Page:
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One night in 1991, 23-year-old Chancelor Cunningham woke up unable to breathe. He had been previously diagnosed with bronchitis, but this time he was admitted into the former Michael Reese Hospital in Bronzeville for an extended stay. It turned out he had pneumonia. Chancelor’s mom stayed by his side, even sometimes staying the night, and continuously advocated for him to find a way to treat him back to health.
“My mom is a force to be reckoned with,” recalled Chancelor. “She wanted to know what was wrong with me and why they were keeping me ... I still couldn’t breathe and I was very very weak. It was just a week of watching my mom chasing these poor doctors around asking, ‘What’s wrong with my child?’ And telling me that we were going to get to the bottom of this.”
Before being admitted to the hospital, Chancelor was a relatively healthy person. He did not drink or smoke and was even a semi-professional bowler, so this prolonged hospital stay was extremely unexpected. After three weeks, however, Chancelor finally found out what was going on with his body.
“Four doctors came in, three men and one woman. I’m lying in the bed and they say, ‘Mr. Cunningham, you have AIDS,’” said Chancelor, thinking back to that day. “This was about 28 years ago … and I remember telling them in denial, ‘No, you’re wrong. You have to be wrong because everyone who has AIDS is either dead or dying!’ I was just bewildered, so I called my mom and I tell her on the phone and she says, ‘Baby, I’m on my way.
Even though it was common for parents of children living with HIV to shun and abandon their children at that time, Chancelor’s mom continued to support him throughout those first few formative years of living with HIV. She even got involved as an advocate for the HIV and LGBTQ+ communities until she passed away in 1998 from pancreatic cancer. Nonetheless, her compassion and dedication to advocacy continued to inspire Chancelor, which is why he stayed involved and volunteered his time to talk about HIV and share his story long after she passed.
However, that advocacy came to a pause in 2018 when Chancelor lost another important person in his life to heart disease — his partner.
“It was completely devastating. We were together for 20 years,” said Chancelor. “I was drinking … I was suicidal and falling off my medications. I needed to step out of my own reality because I was depressed.”
Chancelor eventually made the decision to seek help at Haymarket Center; he used to refer others there when he worked as a peer educator. He admitted himself into their recovery program and stayed on site for four and a half months. There, Chancelor met with staff from a number of organizations who helped him get healthy again and prepare for life once he was done with the program. One interaction that was particularly memorable for him was meeting with Aziza “Zee” Nassar from the AIDS Foundation of Chicago (AFC).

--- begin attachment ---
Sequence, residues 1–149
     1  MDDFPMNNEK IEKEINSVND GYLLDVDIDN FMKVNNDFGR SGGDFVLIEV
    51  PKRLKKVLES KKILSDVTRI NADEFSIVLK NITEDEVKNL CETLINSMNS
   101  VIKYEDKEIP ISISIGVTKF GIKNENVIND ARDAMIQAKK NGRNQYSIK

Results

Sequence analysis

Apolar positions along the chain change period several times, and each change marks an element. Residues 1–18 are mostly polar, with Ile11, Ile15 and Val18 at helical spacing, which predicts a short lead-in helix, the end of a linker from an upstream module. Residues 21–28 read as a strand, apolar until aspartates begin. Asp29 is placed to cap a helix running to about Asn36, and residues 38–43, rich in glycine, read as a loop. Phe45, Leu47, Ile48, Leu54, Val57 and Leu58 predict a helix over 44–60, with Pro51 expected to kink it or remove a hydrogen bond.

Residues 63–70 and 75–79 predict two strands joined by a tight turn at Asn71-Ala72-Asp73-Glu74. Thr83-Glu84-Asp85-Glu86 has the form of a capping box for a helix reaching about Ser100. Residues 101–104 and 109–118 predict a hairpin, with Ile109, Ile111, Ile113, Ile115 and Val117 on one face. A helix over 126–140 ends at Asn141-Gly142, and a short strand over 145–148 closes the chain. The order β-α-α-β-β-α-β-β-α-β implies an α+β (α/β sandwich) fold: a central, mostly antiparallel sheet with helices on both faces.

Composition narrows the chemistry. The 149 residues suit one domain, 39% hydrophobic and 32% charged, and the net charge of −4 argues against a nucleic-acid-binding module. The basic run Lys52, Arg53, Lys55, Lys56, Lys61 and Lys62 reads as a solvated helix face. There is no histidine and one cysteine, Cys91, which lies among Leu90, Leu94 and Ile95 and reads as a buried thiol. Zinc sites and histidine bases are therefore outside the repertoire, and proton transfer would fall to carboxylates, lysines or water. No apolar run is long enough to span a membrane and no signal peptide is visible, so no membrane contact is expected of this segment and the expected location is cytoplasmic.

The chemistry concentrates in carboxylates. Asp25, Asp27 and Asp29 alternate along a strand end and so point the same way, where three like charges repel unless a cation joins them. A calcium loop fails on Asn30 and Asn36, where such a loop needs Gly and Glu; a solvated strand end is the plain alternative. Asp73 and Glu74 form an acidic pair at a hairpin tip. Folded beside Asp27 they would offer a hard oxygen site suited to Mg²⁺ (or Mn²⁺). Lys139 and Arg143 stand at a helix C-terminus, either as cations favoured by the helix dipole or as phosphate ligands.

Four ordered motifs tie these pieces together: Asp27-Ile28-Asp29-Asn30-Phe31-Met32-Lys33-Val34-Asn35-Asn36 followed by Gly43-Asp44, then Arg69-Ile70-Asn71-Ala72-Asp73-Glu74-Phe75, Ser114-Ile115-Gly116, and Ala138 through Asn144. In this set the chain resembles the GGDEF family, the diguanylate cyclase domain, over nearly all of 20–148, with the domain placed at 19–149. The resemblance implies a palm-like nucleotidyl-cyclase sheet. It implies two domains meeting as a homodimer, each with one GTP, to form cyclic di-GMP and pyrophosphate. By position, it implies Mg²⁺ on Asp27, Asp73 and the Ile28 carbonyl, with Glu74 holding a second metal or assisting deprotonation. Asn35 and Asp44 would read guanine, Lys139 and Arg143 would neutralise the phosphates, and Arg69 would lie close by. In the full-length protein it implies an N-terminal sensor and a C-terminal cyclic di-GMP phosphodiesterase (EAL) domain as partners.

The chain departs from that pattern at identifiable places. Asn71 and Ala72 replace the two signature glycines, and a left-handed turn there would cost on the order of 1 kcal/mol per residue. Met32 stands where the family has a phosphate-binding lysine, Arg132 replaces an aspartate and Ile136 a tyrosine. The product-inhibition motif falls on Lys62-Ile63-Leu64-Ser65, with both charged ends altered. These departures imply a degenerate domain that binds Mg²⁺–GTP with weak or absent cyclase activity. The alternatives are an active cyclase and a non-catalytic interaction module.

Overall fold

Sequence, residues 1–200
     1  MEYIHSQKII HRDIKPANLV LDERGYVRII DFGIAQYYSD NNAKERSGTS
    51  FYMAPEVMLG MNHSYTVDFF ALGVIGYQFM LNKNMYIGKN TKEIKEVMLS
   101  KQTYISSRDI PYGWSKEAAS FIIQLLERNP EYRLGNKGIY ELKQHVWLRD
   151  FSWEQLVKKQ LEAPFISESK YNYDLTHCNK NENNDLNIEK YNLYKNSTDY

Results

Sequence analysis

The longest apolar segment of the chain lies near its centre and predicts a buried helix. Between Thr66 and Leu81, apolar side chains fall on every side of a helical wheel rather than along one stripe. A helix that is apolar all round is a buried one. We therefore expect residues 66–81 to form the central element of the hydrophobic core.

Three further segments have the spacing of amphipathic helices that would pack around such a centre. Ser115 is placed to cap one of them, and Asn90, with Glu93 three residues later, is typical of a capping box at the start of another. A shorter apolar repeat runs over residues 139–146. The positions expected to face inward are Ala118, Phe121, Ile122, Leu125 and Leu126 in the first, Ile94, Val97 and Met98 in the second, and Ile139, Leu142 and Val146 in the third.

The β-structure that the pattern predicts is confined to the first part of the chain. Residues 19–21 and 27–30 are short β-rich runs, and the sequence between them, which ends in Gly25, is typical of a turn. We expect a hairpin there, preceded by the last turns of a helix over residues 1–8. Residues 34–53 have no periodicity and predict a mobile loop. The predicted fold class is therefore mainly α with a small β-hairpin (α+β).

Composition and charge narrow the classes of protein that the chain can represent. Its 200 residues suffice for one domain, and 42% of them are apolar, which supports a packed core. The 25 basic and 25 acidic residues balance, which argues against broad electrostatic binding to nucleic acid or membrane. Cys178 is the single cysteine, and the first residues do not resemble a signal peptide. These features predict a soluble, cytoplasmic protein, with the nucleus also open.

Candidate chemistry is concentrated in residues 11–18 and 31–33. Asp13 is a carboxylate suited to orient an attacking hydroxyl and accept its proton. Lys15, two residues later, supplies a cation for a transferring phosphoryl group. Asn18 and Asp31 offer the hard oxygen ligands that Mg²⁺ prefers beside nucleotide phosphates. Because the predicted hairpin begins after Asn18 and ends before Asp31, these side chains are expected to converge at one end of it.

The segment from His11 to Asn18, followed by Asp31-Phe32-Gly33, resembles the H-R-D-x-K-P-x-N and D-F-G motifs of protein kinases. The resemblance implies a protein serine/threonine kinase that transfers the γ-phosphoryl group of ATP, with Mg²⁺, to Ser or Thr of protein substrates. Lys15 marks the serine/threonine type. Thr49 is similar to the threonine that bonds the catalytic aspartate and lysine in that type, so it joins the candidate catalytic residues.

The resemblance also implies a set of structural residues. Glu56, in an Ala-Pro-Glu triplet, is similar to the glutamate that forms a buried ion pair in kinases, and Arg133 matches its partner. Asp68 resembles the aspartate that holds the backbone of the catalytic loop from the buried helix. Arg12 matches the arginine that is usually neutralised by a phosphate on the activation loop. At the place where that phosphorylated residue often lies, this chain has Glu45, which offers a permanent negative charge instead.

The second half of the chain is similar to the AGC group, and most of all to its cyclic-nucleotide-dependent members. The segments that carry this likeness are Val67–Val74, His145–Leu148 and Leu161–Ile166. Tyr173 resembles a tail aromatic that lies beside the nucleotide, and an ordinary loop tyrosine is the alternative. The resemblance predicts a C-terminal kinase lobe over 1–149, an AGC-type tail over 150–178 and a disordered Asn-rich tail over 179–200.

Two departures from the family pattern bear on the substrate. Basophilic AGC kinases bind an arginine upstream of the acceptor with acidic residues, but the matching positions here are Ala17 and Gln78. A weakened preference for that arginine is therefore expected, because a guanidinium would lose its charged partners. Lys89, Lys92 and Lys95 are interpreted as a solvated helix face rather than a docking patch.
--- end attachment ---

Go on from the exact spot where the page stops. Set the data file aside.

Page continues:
“I’ll never forget the day ... I had to be escorted and Zee had reserved a room. Zee was my case manager for housing and she assured me that I was on the list for housing assistance,” said Chancelor. “While I’m adjusting my mind to not having my partner, AFC was still working. And you all kick some major ass. Everybody was still with me to assure me that once I’m done here, I’ll be okay when I leave.”
Zee helped Chancelor enroll in the Transitional to Supportive Housing Program, which is funded through Housing Opportunities for Persons with AIDS (HOPWA) and helps subsidize his housing payments. So, once Chancelor left Haymarket, he had a new home and to go to back in the neighborhood where he was born and raised – Hyde Park. It was a slow adjustment to his new home and life without his partner. At first, he felt like a stranger in his own home, and it took a couple of months for him to get acclimated. Thankfully, the support he received from his psychiatrist helped him realize that while he was alone physically in his new space, he did not need to feel lonely.
He quickly jumped back into the role of advocate once he got adjusted and started going to co-lead group meetings at Mercy Hospital with his psychiatrist. There, he connects with other people living with HIV and shares his story and resources to help them get connected. Additionally, Chancelor also participates in monthly AFC Housing Community Advisory Board meetings, where he provides feedback and new ideas to the organization with a group of other AFC housing clients.
“It’s given me a sense of purpose being an advocate in the LGBTQ+ community and for people living with HIV,” said Chancelor. “It’s given me a platform so I can share with others … Most of all, I’m learning things. I do things to learn so I can assist other people."
Reflecting on his journey and seeing where he is today, Chancelor is most grateful for the people who have supported him and stood by his side through every hardship.
“I had always done everything on my own … Actually, let me rephrase that. I thought that I had to do everything on my own, but AFC had my back.”